As ballot-counting got under way in Britain, the question on most people's minds was not who will form the next government, but rather how big a mandate Prime Minister Theresa May would get.
Britain is expected to continue to be run by a Conservative government, but Mrs May's credibility is on the line and the size of her party's majority will be indicative of whether she did right by making the campaign about her and her "strong and stable leadership".
There are 650 seats in the House of Commons up for grabs, and a party wishing to form a majority will need to win 326 seats. The Conservatives had 330 seats in the previous Parliament.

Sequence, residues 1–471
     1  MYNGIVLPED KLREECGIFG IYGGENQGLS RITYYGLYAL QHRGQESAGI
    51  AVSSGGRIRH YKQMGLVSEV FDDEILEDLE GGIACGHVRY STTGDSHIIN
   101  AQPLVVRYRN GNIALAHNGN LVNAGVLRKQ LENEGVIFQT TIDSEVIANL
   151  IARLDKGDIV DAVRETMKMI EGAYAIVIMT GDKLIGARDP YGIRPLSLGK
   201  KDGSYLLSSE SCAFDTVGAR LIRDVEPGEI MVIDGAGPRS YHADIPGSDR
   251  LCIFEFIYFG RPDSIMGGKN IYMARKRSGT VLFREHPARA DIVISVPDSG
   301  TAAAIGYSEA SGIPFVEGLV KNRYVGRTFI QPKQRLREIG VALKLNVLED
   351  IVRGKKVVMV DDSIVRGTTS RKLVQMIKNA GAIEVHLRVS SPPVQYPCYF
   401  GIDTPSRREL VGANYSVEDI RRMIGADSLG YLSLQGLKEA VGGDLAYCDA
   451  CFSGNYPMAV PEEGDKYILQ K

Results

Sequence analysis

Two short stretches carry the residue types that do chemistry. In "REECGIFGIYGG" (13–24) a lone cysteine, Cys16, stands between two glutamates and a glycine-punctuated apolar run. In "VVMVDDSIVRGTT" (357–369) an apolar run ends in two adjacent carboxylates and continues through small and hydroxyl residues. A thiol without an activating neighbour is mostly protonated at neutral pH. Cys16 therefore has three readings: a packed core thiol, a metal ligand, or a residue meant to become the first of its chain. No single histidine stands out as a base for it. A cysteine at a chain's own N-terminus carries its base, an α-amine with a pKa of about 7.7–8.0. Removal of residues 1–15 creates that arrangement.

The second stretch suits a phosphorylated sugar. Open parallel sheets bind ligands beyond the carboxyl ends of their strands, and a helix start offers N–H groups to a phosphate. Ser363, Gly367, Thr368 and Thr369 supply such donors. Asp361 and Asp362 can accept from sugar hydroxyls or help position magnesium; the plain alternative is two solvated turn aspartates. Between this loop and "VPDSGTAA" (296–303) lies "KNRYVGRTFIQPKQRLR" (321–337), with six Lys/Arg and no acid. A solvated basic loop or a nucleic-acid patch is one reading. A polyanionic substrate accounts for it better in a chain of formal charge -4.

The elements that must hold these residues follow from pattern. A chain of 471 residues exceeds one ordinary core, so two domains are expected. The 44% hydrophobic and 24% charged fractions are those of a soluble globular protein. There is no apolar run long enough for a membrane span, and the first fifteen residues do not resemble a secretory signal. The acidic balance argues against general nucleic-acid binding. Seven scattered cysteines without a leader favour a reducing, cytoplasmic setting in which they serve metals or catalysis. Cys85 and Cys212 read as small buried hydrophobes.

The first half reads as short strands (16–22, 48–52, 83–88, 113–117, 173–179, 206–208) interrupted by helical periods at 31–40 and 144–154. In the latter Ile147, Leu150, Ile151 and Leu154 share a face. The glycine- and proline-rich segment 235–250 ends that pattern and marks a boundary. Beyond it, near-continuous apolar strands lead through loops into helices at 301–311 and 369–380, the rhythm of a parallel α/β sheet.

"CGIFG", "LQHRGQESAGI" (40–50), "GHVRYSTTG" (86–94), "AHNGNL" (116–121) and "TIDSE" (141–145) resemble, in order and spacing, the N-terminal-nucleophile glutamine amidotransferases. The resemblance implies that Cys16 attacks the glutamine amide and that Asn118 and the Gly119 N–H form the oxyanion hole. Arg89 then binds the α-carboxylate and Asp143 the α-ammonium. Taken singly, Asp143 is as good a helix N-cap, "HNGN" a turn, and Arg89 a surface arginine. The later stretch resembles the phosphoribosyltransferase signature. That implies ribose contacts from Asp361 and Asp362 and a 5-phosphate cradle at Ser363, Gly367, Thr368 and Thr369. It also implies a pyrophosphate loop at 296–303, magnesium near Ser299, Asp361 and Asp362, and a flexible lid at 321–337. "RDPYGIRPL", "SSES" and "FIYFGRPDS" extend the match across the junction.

Security at polling stations yesterday had been tightened considerably in the wake of last Saturday's terrorist attack in London.
There is also interest on who might make the cut for Mrs May's new Cabinet.
Brexit negotiations with Brussels will start in 10 days, and there will be urgency in making that the next priority, even if the country is still dealing with the aftermath of two terrorist attacks that happened two weeks apart.
TOP OF THE NEWS: To voters, it is not only about security.
MORE ONLINE: Britain votes: Get the latest results and instant analysis. str.sg/ukelections